In­dian Govt may ask banks for $295m in back-taxes

The Pak Banker - - BUSINESS -

The In­dian govern­ment plans to is­sue de­mands for back-taxes amount­ing to a to­tal of at least Rs20 bil­lion ($295 mil­lion) from about a dozen banks as part of a govern­ment in­ves­ti­ga­tion into ser­vices levies, ac­cord­ing to two of­fi­cials with di­rect knowl­edge of the mat­ter.

The govern­ment will is­sue or­ders for pay­ment as early as April, the of­fi­cials said, ask­ing not to be iden­ti­fied be­cause the in­for­ma­tion isn't pub­lic. The to­tal amount of tax de­mands may reach more than Rs100 bil­lion through 2016 as the govern­ment probe widens to in­clude all of In­dia's roughly 100 lenders, the of­fi­cials said.

Au­thor­i­ties are de­mand­ing that In­dia's banks pay taxes on ser­vices they claim were ren­dered to cus­tomers who main­tained ac­counts above min­i­mum bal­ances, which qual­i­fied them for perks like un­lim­ited trans­ac­tions with­out fees, free ATM cash with­drawals and com­pli­men­tary debit cards, the of­fi­cials said. The govern­ment is cal­cu­lat­ing the amount owed based on the rates that banks charged cus­tomers who didn't main­tain such min­i­mum bal­ances for sim­i­lar ser­vices over the past three years, the of­fi­cials said.

The govern­ment says banks are li­able for the tax be­cause they im­pose fines or hid­den costs on cus­tomers who fail to main­tain a min­i­mum bal­ance, and there­fore don't suf­fer any losses, ac­cord­ing to the of­fi­cials. In state­ments to Bloomberg on Mon­day, sev­eral banks named by of­fi­cials re­jected any no­tion that they were evad­ing ser­vice taxes and said they were fully com­pli­ant with In­dia's reg­u­la­tions.

The tax de­mands af­fect the en­tire in­dus­try, and banks will prob­a­bly join to­gether to chal­lenge them in court, ac­cord­ing to two ex­ec­u­tives in the sec­tor, who asked not to be iden­ti­fied be­cause they were not au­tho­rized to speak to the me­dia. The no­tices will be back­dated to 2012, when In­dia made it manda­tory to tax al­most all ser­vices, and the govern­ment ex­pects to re­cover all the dues by the end of March 2017, the of­fi­cials said. Banks can dis­pute the charges, but would have to im­me­di­ately make pro­vi­sions on their books.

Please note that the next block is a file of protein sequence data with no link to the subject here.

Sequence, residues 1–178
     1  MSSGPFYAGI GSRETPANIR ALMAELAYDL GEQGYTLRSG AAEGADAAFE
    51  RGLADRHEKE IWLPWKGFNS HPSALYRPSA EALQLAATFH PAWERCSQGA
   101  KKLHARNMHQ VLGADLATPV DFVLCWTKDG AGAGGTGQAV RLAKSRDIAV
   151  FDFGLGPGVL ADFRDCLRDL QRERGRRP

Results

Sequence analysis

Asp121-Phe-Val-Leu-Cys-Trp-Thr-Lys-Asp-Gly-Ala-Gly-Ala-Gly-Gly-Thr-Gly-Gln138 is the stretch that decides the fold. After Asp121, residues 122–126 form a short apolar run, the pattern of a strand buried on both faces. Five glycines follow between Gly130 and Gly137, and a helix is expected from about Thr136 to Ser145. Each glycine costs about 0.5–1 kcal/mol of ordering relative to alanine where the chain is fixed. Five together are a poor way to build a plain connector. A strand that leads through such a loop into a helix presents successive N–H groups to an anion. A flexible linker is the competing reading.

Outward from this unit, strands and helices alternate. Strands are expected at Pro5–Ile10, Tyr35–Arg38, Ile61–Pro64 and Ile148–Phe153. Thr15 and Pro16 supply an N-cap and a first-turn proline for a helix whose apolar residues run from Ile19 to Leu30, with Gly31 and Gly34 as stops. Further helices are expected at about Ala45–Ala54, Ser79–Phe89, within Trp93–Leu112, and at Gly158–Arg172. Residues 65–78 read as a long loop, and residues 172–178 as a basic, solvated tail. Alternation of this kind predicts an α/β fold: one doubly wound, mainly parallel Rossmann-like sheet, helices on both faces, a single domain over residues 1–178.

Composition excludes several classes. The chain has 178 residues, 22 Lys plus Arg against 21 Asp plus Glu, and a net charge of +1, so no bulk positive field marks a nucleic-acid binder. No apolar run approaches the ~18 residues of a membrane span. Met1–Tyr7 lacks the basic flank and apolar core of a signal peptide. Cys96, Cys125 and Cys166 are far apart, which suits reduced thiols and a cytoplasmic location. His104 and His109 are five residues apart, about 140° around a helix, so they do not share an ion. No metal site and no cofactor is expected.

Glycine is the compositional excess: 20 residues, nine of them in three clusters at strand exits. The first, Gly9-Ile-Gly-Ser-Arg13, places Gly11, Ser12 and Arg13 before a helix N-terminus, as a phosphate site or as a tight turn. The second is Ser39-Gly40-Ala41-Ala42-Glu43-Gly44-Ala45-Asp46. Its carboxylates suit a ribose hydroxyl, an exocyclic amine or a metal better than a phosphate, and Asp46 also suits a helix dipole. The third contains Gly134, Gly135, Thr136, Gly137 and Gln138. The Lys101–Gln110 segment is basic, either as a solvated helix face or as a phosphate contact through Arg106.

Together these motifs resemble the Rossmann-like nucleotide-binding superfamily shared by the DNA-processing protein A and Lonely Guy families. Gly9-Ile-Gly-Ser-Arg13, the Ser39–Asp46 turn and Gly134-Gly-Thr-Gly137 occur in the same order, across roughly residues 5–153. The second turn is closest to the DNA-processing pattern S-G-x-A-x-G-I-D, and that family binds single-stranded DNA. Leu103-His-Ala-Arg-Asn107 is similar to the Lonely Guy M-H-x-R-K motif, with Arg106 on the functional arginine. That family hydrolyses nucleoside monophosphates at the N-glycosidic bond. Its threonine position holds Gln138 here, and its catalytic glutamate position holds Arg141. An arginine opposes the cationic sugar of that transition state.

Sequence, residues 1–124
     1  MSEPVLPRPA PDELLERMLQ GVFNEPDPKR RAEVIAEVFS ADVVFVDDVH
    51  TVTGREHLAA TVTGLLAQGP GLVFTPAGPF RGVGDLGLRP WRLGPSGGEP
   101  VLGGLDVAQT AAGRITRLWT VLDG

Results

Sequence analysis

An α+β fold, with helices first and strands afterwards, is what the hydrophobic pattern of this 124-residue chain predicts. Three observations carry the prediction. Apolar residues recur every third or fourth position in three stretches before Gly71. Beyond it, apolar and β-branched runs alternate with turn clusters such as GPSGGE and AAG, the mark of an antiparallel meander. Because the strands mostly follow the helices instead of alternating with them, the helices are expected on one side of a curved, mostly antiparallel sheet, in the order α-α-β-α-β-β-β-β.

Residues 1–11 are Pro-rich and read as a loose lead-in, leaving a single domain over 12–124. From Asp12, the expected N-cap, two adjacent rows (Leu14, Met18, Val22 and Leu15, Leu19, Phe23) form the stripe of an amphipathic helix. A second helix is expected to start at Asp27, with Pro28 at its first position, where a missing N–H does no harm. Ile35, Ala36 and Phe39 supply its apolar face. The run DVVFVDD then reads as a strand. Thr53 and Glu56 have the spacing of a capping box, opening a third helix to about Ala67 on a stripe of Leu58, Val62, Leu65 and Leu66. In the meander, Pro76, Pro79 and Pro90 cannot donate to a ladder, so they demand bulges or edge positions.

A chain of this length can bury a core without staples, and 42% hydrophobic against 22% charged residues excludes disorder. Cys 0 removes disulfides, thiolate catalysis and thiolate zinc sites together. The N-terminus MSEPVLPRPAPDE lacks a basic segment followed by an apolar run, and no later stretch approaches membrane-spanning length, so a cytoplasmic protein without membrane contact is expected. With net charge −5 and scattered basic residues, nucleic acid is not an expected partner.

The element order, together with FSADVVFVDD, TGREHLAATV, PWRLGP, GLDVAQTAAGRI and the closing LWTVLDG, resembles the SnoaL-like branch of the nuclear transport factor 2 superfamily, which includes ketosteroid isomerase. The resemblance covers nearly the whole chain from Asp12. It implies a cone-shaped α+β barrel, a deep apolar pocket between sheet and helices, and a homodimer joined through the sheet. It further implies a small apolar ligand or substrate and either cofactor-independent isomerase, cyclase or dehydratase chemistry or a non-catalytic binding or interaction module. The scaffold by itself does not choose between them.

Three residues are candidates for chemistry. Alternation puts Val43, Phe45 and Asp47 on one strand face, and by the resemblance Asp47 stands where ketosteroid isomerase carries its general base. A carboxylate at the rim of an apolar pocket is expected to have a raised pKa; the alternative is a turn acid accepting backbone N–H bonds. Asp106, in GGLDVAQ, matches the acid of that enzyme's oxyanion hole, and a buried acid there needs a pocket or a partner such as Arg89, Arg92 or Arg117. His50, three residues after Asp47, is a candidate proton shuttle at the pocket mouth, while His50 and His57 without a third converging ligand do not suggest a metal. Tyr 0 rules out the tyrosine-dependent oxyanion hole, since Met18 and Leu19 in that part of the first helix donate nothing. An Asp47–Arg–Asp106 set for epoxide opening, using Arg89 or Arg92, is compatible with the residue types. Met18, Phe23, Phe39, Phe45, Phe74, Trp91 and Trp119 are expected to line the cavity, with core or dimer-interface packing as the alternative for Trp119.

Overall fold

Apart from the tax amounts al­legedly owed, the banks will also be charged 30 per­cent in­ter­est and a penalty of 15 per­cent, the of­fi­cials said. If they fail to make the pay­ments within a month of re­ceiv­ing the no­tice, the penalty could rise to as high as 100 per­cent, they said.

ICICI Bank Ltd. and HDFC Bank Ltd. will be asked to pay Rs5 bil­lion ru­pees, the of­fi­cials said. Ko­tak Mahin­dra Bank Ltd., Axis Bank Ltd., Yes Bank Ltd., Cit­i­group Inc., Deutsche Bank AG, and HSBC Hold­ings Plc will also re­ceive de­mands, the of­fi­cials said.

Ko­tak Mahin­dra Bank is com­ply­ing with re­quests for in­for­ma­tion from ser­vice-tax au­thor­i­ties, spokesman Ro­hit Rao said in an e-mail. He called it a "rou­tine mat­ter" and said au­thor­i­ties have made no in­ves­ti­ga­tion or al­le­ga­tion of ser­vice- tax eva­sion against the bank.

Yes Bank said it has ro­bust poli­cies to en­sure com­pli­ance with all reg­u­la­tory guide­lines. "There is no in­ves­ti­ga­tion and there is no eva­sion of any form," it said in a state­ment to Bloomberg.

Axis Bank pays the govern­ment on "all tax­able ser­vices pro­vided by the bank, in­clud­ing charges col­lected in re­spect of non-main­te­nance of av­er­age bal­ance," Axis Bank spokesper­son Sherin Antony in an e-mail. "The bank is fully com­pli­ant with the ap­pli­ca­ble ser­vice-tax leg­is­la­tion. There is no in­ves­ti­ga­tion by the tax au­thor­i­ties in this re­gard." Fi­nance Min­istry spokesman D.S. Malik de­clined to com­ment when reached by phone. Deutsche Bank spokesman Li­nus Chet­tiar, Citibank spokesman De­ba­sis Ghosh and ICICI Bank spokesman Kausik Datta also de­clined to com­ment.

E-mails to HSBC and HDFC Bank weren't im­me­di­ately an­swered. Mo­han V Tanksale, chief ex­ec­u­tive of­fi­cer of the In­dian Banks' As­so­ci­a­tion, didn't im­me­di­ately an­swer three calls to his mo­bile phone. Prime Min­is­ter Naren­dra Modi is look­ing for rev­enue to nar­row one of Asia's widest bud­get deficits. The de­mands on banks would be a fresh blow to a sec­tor al­ready sad­dled with bad loans and would risk reignit­ing con­cerns about In­dia's scat­ter­shot tax regime, which has led to dis­putes with Voda­fone Group Plc, Nokia OYJ and Cad­bury choco­late maker Mon­delez In­ter­na­tional Inc.

Since tak­ing of­fice, Modi's govern­ment has pledged to avoid bring­ing new cases un­der a 2012 law that gives the govern­ment power to tax retroac­tively-even though it has stopped short of re­peal­ing it. It also said it was open to a set­tle­ment with Voda­fone on a $2 bil­lion tax dis­pute that is head­ing for ar­bi­tra­tion. The 10mem­ber S&P BSE Bankex In­dex has lost 10% this year, com­pared with the al­most 5 per­cent drop in the bench­mark S&P BSE Sen­sex In­dex. ICICI Bank, In­dia's largest pri­vate sec­tor len­der by as­sets, has fallen 17% in that time.

Newspapers in English

Newspapers from Pakistan

© PressReader. All rights reserved.